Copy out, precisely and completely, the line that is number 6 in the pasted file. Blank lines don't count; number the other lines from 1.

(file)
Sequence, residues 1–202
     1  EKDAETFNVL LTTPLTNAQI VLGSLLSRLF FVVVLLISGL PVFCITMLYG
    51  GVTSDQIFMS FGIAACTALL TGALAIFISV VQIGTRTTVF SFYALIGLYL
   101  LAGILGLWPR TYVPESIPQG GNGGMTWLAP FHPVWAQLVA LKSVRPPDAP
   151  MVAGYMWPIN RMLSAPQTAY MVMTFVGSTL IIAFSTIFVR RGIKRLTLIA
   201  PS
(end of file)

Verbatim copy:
   201  PS